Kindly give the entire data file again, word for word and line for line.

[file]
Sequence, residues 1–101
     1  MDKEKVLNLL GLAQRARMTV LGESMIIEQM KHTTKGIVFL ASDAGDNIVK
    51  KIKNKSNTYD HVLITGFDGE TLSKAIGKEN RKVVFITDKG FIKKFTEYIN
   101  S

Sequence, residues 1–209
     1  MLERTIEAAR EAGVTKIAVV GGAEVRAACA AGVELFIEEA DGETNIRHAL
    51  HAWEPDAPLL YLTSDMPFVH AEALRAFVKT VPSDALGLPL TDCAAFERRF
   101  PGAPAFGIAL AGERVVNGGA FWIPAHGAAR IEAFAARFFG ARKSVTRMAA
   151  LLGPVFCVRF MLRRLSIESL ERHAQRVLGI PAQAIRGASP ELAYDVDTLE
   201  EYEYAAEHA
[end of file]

Sequence, residues 1–101
     1  MDKEKVLNLL GLAQRARMTV LGESMIIEQM KHTTKGIVFL ASDAGDNIVK
    51  KIKNKSNTYD HVLITGFDGE TLSKAIGKEN RKVVFITDKG FIKKFTEYIN
   101  S

Sequence, residues 1–209
     1  MLERTIEAAR EAGVTKIAVV GGAEVRAACA AGVELFIEEA DGETNIRHAL
    51  HAWEPDAPLL YLTSDMPFVH AEALRAFVKT VPSDALGLPL TDCAAFERRF
   101  PGAPAFGIAL AGERVVNGGA FWIPAHGAAR IEAFAARFFG ARKSVTRMAA
   151  LLGPVFCVRF MLRRLSIESL ERHAQRVLGI PAQAIRGASP ELAYDVDTLE
   201  EYEYAAEHA